Referring to grill apparatus 110, a round can 151 of Sterno jellied flammable hydrocarbon 166 is fitted between the flanges 154 and 155 so as to be positioned as shown in FIG. 14. Note that the flanges 154 and 155 are biased toward each other so that when the fuel can 151 is fitted therebetween, a secure attachment occurs. The next step is to swing the handle 153 to the solid line position shown in FIG. 11 with respect to burner unit 149. This orientates the openings 160 in the upper plate 158 of the shutter 152 with the openings 162 in the housing 159. This exposes the jellied alcohol 166 to a flame such as from a lighted match which can be inserted in through opening 122. Once the alcohol fuel is ignited, the flame size is regulated by selectively orientating the openings 160 over the openings 162 by movement of the handle 153 as indicated in FIG. 11. To extinguish the flame, the shutter 152 is moved to the position shown for burner unit 150 so that the wedge shaped segments 161 of the shutter 152 cover the openings 162. To replace the fuel can 151, all that is required is to move the flanges 154 and 155 away from each other to allow clearance for the fuel can. A filled fuel can 151 can be reinserted between the flanges as previously indicated.

An important feature of grill apparatus 10, 110 and 210 is the combustion of the fuel including the supply of the air thereto. Note that in all of the embodiments 10, 110 and 210 the outside air is supplied directly to the fuel from the bottom of the barbecue units. This is effected in grill apparatus 10 and 210 by means of the slots 23 and 223 and in grill apparatus 110 by the vents 145 and 168 which communicate directly through the bottom walls of the base members 12, 112 and 212 as well as the housing 159.

In the foregoing description, a preferred fuel 38, 166 or 238 is solidified or semisolidified alcohol. For example, semisolidified fuel could be placed on support 250 as well as solid fuel. However, any type of solidified or semisolidified fuel which will provide cooking temperatures could be employed such as a solidified hydrocarbon as represented by deodorized kerosene as long as the combustion products would not interfere with the flavor of the material to be heated or cooked.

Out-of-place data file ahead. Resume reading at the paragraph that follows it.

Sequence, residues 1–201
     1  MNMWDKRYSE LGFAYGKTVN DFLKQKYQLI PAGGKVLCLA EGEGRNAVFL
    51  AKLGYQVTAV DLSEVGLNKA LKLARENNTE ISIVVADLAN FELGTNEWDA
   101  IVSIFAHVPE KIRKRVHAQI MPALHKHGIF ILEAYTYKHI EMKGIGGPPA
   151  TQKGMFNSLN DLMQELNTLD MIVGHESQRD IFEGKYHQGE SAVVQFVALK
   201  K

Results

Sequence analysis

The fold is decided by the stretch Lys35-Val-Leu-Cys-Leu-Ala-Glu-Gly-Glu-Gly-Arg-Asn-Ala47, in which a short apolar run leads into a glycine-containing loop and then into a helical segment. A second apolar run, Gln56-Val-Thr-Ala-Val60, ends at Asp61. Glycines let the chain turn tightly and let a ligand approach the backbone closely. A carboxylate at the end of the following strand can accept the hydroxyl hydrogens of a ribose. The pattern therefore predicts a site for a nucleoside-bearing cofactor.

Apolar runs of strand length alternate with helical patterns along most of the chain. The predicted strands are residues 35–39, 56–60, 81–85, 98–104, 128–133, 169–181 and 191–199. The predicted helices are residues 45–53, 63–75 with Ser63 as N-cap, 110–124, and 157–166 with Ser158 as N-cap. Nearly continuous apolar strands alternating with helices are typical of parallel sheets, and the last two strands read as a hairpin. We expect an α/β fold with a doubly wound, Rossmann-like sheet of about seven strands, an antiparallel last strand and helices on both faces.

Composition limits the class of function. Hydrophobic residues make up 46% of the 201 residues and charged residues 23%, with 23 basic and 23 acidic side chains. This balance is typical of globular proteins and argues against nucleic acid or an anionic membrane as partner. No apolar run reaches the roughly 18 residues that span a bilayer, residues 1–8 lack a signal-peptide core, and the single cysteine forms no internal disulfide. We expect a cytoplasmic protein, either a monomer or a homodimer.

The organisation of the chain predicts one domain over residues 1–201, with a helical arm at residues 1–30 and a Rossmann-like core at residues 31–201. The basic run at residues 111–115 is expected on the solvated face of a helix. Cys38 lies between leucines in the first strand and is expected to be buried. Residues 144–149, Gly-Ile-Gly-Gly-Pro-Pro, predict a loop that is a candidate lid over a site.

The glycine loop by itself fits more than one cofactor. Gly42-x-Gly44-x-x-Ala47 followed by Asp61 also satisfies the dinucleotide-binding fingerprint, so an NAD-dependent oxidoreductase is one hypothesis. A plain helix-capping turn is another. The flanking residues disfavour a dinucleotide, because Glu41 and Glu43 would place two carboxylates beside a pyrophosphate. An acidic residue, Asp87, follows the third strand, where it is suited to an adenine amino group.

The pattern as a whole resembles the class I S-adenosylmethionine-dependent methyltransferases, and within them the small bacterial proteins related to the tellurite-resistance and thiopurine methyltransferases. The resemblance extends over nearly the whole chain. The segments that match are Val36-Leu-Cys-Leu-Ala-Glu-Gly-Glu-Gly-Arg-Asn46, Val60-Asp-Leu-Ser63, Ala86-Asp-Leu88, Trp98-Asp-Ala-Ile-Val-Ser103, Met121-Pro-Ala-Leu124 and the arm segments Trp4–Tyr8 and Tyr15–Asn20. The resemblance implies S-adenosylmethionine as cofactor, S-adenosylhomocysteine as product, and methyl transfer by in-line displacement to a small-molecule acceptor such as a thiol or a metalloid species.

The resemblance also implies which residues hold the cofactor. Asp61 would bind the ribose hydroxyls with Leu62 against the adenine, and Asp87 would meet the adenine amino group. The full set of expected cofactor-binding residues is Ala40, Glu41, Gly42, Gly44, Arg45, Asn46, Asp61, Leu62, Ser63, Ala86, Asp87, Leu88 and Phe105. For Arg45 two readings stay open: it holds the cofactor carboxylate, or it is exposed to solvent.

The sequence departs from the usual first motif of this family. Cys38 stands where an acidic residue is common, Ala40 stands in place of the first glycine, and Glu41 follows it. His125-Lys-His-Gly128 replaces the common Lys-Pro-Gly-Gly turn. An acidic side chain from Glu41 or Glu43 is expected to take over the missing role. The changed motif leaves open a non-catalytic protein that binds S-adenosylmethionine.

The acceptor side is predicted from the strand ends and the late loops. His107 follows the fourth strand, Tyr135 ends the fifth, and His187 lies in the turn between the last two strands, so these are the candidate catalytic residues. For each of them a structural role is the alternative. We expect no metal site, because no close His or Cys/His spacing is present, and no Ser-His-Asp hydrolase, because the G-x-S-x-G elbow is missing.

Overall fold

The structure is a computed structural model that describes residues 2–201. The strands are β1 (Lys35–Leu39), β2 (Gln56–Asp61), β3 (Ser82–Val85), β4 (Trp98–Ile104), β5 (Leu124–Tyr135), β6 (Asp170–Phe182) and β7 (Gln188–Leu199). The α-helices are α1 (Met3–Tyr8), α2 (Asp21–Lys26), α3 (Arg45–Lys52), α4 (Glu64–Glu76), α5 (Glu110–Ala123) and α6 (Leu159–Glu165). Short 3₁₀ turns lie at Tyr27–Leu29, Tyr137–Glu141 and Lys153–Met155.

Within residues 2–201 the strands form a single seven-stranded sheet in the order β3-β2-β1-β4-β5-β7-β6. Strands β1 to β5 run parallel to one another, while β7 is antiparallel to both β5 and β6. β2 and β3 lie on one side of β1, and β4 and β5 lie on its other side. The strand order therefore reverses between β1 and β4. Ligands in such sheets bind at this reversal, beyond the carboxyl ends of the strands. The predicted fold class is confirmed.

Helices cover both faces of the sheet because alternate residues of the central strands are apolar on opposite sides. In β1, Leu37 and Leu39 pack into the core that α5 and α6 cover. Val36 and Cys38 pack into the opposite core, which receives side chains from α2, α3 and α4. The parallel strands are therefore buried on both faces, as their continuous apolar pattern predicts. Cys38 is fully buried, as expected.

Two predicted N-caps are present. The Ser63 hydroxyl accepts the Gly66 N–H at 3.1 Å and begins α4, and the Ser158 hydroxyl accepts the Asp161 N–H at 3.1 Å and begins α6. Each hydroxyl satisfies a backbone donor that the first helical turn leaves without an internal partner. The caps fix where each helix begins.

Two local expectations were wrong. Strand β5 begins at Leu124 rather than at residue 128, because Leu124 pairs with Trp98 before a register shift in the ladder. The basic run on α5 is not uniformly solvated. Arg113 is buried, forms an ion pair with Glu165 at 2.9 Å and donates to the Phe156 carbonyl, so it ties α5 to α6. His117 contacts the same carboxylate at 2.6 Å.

The preferred material for forming the burner tubes 15 and 215 is steel and preferably chrome plated. If desired stainless steel could be employed. The knobs 17 are composed of a heat-resistant plastic although wood or any other heat-resistant material suitable for the indicated purpose be employed. The preferred material for forming the covers 11, 111 and 211, and the base members 12, 112 and 212 is cast aluminum. However, if desired steel could also be employed.

It will thus be seen that through the present invention there is provided a solidified or semisolidified fuel barbecue grill apparatus which is easily operated in conjunction with the solidified or semisolidified fuel. Replenishment of the fuel source is easily accomplished and the grill apparatus employs a minimum number of parts thus resulting in a portable grill at low cost. The foregoing are accomplished in part in one embodiment by means of a unique temperature control feature with both embodiments employing a direct venting system for air.

The foregoing invention can now be practiced by those skilled in the art. Such skilled persons will know that the invention is not necessarily restricted to the particular embodiments therein. The scope of the invention is to be defined by the terms of the following claims as given meaning by the preceding description.

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Referenced by
Citing PatentFiling datePublication dateApplicantTitle
US6701912May 2, 2003Mar 9, 2004Lifetime Hoan CorporationBench top grill assembly
US7117865Mar 5, 2004Oct 10, 2006Lifetime Hoan CorporationBench top grill assembly
US7845344Feb 27, 2008Dec 7, 2010Sologear, LlcInclusive single-use heating device
US8166870 *Mar 21, 2005May 1, 2012Smartech Italia S.P.A.Mobile apparatus provided with a surface for cooking by contact
Classifications
U.S. Classification126/43, 126/41.00R
International ClassificationA47J37/07
Cooperative ClassificationA47J37/0704, F23D2900/05001
European ClassificationA47J37/07B
Legal Events
DateCodeEventDescription
Jan 8, 2002FPExpired due to failure to pay maintenance fee
Effective date: 20011102
Nov 2, 2001LAPSLapse for failure to pay maintenance fees
May 29, 2001REMIMaintenance fee reminder mailed
Mar 31, 1997FPAYFee payment
Year of fee payment: 4
Jun 13, 1995CCCertificate of correction
Oct 22, 1992ASAssignment
Owner name: MODERN HOME PRODUCTS CORP., ILLINOIS
Free format text: ASSIGNMENT OF ASSIGNORS INTEREST.;ASSIGNOR:KOZIOL, WALTER;REEL/FRAME:006301/0668
Effective date: 19921020